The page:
That picture is hilarious!
    .
    I have no kids, but your post made me text my mom and ask if she felt like she lost all her free time when she had her second kid (me; my brother was almost 3 when I was born). She said free time was pretty much not a concept – she also worked, I’m not sure if it was part-time or full-time at that point – but that they tried to carve out some time now and then because my grandmother and my aunt were around to babysit, though they didn’t abuse that. She said she did NOT feel bad about herself, which is kind of surprising because I don’t think her self-esteem is the greatest overall. She said “It’s not that it wasn’t hard. It’s just you know what we’re like, we just jump in and do what’s needed… We had a good time with it.”
    .
    I do know she wasn’t worried about things like cooking an all-natural meal. I remember being dragged around Star Market, sometimes in a wet bathing suit, and eating junky snacks and things like Tuna Casserole, and my school lunches were like a thermos of Chunky Soup and some chips or a Twix bar, and I grew up in good health without eating disorders or anything. I would say she was in no way doing everything perfectly, but it was totally fine with everyone involved. The house was decently clean but not perfectly organized with California Closets. She wasn’t running around doing fitness activities and trying to be skinny either. But I remember her looking good and pulled together. She’d bring us to the mall and get some shopping done.
    .
    I feel like, be way easier on yourself.

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    • Dear Wendy

      Dear Wendy August 13, 2015, 2:02 pm

      I need to be more like your mom!

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        Kate August 13, 2015, 2:11 pm

        She does say “it was a different pace than now, and for sure your dad made it better by jumping in with me. Yes I would say it was challenging, but not without rewards. Attitude and mental place are key.” One thing they both taught me I think, is about when you don’t know what the hell to do and feel overwhelmed, just jump in and prioritize and start doing stuff. Since I don’t have kids, that’s been my approach at work and in life. Like just start doing the most important things and everything will be fine. I think my grandfather used to say, “good enough is good enough,” or something like that. There have been lots of times over the years when I’ve felt really freaked out and overwhelmed, but thinking like that got me through.
        .
        My mom was never a size 2, but everyone always thought she looked great and pretty and way smaller than she thought she looked. And this was just with the normal makeup and clothes and stuff that are available to everyone, she didn’t have any special resources. Everyone thinks you look beautiful too, Wendy. Change your thinking, it’s all in your head!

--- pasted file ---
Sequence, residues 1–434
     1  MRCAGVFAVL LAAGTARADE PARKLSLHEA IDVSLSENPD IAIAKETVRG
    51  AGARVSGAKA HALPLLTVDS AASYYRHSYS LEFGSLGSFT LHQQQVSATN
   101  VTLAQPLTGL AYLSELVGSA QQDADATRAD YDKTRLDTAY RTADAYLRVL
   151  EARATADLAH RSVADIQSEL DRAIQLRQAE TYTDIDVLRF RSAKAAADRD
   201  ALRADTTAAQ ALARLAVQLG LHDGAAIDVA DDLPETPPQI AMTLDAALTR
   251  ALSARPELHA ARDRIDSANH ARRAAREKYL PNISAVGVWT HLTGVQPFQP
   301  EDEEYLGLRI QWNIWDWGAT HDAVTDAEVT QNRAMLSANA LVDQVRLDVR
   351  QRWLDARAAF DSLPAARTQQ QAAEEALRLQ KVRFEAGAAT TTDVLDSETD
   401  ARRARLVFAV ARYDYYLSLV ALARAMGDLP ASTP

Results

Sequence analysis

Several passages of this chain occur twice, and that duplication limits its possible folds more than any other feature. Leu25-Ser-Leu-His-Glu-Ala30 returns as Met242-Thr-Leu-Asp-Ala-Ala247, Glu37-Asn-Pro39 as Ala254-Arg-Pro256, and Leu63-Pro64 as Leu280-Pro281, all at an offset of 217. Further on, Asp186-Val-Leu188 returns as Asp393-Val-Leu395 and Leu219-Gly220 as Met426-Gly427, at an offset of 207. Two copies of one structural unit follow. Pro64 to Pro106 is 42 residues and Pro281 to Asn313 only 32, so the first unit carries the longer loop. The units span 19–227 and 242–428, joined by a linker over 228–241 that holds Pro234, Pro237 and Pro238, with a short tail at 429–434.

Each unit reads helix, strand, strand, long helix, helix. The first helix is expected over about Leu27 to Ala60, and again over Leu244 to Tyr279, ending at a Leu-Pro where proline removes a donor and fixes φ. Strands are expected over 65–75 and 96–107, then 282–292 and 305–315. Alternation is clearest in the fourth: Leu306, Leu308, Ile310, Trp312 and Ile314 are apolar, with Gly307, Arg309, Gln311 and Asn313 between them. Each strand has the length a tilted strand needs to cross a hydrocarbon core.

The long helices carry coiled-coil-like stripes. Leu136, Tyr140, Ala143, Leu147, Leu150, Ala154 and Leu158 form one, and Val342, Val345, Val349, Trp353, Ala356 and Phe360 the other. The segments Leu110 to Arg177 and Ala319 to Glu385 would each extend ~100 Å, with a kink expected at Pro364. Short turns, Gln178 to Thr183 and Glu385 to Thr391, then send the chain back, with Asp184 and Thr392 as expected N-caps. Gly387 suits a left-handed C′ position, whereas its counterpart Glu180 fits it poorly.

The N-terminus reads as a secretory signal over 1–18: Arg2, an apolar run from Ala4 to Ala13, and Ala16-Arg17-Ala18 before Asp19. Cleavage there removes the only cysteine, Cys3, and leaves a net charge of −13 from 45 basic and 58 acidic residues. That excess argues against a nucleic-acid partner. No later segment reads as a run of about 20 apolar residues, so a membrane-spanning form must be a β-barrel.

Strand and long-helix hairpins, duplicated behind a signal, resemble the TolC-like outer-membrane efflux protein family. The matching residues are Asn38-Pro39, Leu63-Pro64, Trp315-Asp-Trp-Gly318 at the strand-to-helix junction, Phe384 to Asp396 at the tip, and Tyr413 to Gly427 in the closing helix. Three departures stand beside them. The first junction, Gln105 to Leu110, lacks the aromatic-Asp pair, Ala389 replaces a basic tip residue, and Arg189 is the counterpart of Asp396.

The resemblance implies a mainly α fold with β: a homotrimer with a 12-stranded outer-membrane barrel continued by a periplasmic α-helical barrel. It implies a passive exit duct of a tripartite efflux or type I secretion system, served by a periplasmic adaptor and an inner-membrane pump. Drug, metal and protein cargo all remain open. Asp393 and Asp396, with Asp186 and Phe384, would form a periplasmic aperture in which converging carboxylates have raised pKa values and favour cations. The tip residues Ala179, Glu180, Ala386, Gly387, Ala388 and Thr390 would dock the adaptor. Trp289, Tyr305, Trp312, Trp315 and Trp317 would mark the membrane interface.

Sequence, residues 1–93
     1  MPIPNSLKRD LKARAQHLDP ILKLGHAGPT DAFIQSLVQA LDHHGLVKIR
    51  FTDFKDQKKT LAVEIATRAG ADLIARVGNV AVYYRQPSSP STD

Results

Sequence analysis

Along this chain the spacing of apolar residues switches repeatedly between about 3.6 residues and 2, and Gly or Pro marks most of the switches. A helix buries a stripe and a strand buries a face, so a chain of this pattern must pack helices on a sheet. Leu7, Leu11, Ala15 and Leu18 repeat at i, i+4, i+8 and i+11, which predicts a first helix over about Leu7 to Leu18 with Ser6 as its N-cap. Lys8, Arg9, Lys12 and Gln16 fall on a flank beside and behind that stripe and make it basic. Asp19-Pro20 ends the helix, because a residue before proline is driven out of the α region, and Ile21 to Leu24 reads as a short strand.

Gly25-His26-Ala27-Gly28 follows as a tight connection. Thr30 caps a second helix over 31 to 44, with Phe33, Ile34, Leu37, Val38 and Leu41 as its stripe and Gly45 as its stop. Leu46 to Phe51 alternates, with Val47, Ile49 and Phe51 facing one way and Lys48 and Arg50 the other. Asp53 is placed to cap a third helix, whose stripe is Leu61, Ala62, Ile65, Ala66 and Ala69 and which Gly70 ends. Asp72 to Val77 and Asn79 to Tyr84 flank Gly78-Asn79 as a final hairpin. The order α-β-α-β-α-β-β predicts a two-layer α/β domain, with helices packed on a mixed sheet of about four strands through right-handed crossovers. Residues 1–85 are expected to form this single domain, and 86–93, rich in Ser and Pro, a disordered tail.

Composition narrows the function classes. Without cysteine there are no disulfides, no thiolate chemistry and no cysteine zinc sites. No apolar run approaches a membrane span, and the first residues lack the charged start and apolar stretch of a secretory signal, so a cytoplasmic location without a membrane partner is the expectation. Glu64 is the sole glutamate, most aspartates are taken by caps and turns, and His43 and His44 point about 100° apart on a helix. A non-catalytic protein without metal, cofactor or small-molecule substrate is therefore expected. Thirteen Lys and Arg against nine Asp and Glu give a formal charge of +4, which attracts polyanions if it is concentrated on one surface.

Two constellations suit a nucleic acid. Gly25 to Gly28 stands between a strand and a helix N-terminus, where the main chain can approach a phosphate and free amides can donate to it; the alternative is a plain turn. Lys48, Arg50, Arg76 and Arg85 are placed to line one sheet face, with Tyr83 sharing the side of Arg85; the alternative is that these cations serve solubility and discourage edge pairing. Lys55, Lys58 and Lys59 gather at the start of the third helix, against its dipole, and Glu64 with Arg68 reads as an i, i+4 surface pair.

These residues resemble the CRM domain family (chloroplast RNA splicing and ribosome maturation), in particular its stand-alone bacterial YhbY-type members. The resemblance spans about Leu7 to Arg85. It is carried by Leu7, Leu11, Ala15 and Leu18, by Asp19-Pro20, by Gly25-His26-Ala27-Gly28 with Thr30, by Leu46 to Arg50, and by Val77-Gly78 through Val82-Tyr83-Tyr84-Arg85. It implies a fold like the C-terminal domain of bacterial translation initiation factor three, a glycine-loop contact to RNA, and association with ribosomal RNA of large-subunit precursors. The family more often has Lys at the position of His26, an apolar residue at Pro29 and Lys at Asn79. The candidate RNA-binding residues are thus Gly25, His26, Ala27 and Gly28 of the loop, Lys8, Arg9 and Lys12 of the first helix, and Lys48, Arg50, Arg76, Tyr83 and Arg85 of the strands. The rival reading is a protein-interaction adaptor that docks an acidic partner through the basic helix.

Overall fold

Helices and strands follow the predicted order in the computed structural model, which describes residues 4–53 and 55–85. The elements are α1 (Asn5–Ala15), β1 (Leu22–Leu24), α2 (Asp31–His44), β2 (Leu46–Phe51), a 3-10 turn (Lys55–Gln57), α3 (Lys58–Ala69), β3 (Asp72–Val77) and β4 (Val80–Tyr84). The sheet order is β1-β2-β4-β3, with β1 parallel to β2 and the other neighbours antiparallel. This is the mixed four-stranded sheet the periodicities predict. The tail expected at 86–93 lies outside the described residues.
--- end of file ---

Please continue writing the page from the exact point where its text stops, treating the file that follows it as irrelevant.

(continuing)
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      • Lianne

        Lianne August 13, 2015, 4:13 pm

        Such a nice sentiment, Kate!
        .
        And I agree, Wendy! I am sure it’s hard to not to want to do all the things you talked about, but you can also let it go a bit now and then pick it all back up (the clean house, farmer’s market dinners) when the pace slows down a bit.

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  • Addie Pray

    Addie Pray August 13, 2015, 3:13 pm

    I love that picture, too. You should frame it! I, too, was inspired to ask my mom how she handled so many babies at the same time. (She had 4 under 3; twin toddlers (my brothers) and twin newborns (my sisters)). Her response: “I don’t know. I didn’t sleep for 5 years. Your body has a way of blocking out the bad memories.” Obviously the experience wasn’t too traumatizing; she still went for #5 (me). So all that to say: you got this, Wendy! It’ll get easier. I hope it does, anyway!

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      MissDre August 13, 2015, 3:18 pm

      Addie when are you due??

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      • Addie Pray

        Addie Pray August 13, 2015, 3:36 pm

        I’m due on Labor Day (ha!) but I found out yesterday I need a C-section. So I’ll be having this baby the week prior, on Aug. 31, Sept. 1, or Sept. 2 (to be determined). I also found out I’m having a big baby (not the reason for the C section). Estimated to be 9 pounds, give or take a pound. We’ll see soon enough if they were right or way off.

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      • Dear Wendy

        Dear Wendy August 13, 2015, 3:38 pm

        Nine pounds! Probably a good think you’re having a C-section!

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      • Addie Pray

        Addie Pray August 13, 2015, 3:42 pm

        Yeah, no complaints here. I was looking forward to experiencing what labor is all about. And my only birth plan was to do it un-medicated, but I reserved the right to change my mind if in the moment I so decided. … But oh well, there are perks to C-sections I suppose, especially when you would otherwise have to push out a baby that big. I knew there was a higher risk for a C-section in my case. So it’s all fine. I can’t wait to see how close they were with their estimate. I mean, how can they really, really know? Though, if you were to see my huge gut, you’d guess the baby to be big, too.

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      • Ika

        Ika August 13, 2015, 4:06 pm

        Supposedly the margin for error is +/- 10% With M the day before she was born the dr. said around 3.7 kg, she ended up being 4.15 (8lb 2 oz and 9 lb 2 oz). I think it was bcaue she was loooong and skinnnnny. So the thigh circumference made her seem lighter.